MLB Rule 2.0 defines the strike zone, and presently remains in effect as follows:
The Strike Zone is defined as that area over home plate, the upper limit of which is a horizontal line at the midpoint between the top of the shoulders and the top of the uniform pants, and the lower level is a line at the hollow beneath the kneecap. The Strike Zone shall be determined from the batter’s stance as the batter is prepared to swing at a pitched ball.
Yet, the calls in that strike zone have given way to a technology that cannot be assimilated by the naked eye. Thus, judging an umpire’s accuracy by a standard that may not even be humanly commensurate is foolhardy at best.
Moreover, many players and team personnel reportedly were unaware until the 2009 season got under way that a new camera system was even being used for the strike zone, let alone in all 30 MLB stadiums.
During QuesTec’s reign, an umpire who failed to reach a 90% accuracy rating in a game was notified by MLB that he had called a “bad game.” And such game ratings of 90% or lower averaged over the course of a MLB season would make an umpire ineligible for post-season assignments.
Jimmie Lee Solomon, MLB’s Executive Vice President, Baseball Operations, commented at the beginning of the 2009 season that the Zone Evaluation system “Has given us much more data, much more granular, and it provides many more camera angles for the pitch track. We only had one view with QuesTec. Now we have multiple views… that will allow us to pull up various trajectories.”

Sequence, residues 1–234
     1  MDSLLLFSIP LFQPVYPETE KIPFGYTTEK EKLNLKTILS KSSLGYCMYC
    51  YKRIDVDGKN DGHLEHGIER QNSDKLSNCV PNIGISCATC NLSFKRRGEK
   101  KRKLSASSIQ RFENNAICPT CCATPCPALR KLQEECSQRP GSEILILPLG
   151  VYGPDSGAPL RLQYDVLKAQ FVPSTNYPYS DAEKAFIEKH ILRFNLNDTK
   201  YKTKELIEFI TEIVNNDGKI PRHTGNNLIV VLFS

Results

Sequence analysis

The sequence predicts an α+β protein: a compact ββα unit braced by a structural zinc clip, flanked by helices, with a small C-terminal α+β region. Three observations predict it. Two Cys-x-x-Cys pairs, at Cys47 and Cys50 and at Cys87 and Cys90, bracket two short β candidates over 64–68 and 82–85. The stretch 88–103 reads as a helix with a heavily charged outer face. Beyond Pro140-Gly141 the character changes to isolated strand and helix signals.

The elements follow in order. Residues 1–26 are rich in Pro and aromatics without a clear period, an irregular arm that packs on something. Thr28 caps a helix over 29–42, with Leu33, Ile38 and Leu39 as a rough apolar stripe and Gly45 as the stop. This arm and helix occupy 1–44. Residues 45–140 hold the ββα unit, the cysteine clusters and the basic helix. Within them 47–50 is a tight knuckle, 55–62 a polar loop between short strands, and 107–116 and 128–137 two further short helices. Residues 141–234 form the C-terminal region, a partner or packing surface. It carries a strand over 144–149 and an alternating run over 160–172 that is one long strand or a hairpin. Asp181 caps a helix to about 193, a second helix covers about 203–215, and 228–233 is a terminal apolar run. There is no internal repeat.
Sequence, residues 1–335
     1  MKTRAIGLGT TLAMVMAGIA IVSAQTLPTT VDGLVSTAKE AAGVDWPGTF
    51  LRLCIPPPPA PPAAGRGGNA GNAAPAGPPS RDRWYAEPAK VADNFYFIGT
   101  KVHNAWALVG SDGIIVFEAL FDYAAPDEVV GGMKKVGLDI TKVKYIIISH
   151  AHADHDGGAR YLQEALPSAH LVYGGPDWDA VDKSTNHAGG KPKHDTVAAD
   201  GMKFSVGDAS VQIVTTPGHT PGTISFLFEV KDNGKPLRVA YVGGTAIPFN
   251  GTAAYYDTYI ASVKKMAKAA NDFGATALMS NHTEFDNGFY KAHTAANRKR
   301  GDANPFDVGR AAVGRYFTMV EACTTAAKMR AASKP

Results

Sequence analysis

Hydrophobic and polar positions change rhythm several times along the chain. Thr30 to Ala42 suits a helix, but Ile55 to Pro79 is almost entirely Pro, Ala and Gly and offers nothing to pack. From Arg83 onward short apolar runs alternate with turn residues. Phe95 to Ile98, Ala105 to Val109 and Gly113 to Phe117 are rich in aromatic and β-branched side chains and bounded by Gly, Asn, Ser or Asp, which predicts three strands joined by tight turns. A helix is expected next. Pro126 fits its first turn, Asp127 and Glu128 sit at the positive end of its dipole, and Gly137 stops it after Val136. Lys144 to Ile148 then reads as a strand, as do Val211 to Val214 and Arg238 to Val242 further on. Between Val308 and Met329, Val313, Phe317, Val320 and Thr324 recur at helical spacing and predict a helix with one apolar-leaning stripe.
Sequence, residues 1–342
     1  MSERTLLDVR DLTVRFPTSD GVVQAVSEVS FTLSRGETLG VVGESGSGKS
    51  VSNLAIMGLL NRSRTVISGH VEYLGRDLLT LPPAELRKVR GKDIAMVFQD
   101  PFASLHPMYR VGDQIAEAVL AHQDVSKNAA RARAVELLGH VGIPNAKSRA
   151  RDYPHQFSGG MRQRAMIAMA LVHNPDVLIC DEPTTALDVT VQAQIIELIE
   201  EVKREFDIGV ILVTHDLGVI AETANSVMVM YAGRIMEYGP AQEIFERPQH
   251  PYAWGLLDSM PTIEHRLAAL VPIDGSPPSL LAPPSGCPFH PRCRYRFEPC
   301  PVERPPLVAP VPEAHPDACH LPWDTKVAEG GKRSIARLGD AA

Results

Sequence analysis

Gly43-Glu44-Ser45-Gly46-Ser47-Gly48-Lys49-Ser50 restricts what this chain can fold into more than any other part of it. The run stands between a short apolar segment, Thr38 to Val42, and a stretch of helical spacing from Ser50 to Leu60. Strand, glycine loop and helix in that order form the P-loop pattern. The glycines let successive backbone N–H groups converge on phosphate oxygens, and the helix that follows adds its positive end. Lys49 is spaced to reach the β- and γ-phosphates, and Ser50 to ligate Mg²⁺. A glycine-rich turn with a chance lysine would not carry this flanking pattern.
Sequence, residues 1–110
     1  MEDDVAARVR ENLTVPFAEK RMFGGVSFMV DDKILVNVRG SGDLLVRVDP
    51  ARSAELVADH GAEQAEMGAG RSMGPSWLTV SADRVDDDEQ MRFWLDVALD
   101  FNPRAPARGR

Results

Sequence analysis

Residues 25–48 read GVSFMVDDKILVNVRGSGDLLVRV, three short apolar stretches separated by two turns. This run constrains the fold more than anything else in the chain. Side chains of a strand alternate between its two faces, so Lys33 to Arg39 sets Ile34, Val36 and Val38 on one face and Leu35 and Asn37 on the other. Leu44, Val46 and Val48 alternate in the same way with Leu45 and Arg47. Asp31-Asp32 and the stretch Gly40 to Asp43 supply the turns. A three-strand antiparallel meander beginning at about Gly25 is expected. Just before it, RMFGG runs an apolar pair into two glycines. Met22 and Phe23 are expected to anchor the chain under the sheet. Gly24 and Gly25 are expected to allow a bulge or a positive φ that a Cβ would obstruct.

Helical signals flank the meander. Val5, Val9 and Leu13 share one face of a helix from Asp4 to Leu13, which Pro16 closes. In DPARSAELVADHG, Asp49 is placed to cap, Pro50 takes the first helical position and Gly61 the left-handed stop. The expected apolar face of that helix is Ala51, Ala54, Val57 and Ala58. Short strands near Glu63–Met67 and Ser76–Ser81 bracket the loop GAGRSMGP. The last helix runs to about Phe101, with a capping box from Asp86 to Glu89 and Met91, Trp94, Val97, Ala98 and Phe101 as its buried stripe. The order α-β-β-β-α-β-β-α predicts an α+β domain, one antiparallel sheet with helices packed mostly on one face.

In 2009 when umpires arrive at ball parks they receive a printout of how many balls or strikes they called right or wrong for the game the day before, according to Zone Evaluation. Yet, in the early part of the 2009 season, umpires had a learning curve needed to get acclimated to the new system, not to mention in combination with the two new ballparks in NYC. Therefore, umpires’ season averages for accuracy may be markedly different from 2008 when QuesTec was still in use or from the upcoming 2010 season, after having used the new system for a year.
And even though the World Umpires Association – the union for all MLB umpires – approved the change from QuesTec to Zone Evaluation, any objection it has will be addressed for certain during the negotiations with MLB over their next Collective Bargaining Agreement, expiring after the 2009 season.
Umpires’ quality of accuracy was documented as quite high with QuesTec, as they proved there was little difference in their calls between parks that had QuesTec technology and those that did not. Therefore, the need to upgrade such technology by MLB seems less about reining in umpires and more about diminishing the human factor in adjudicating baseball games.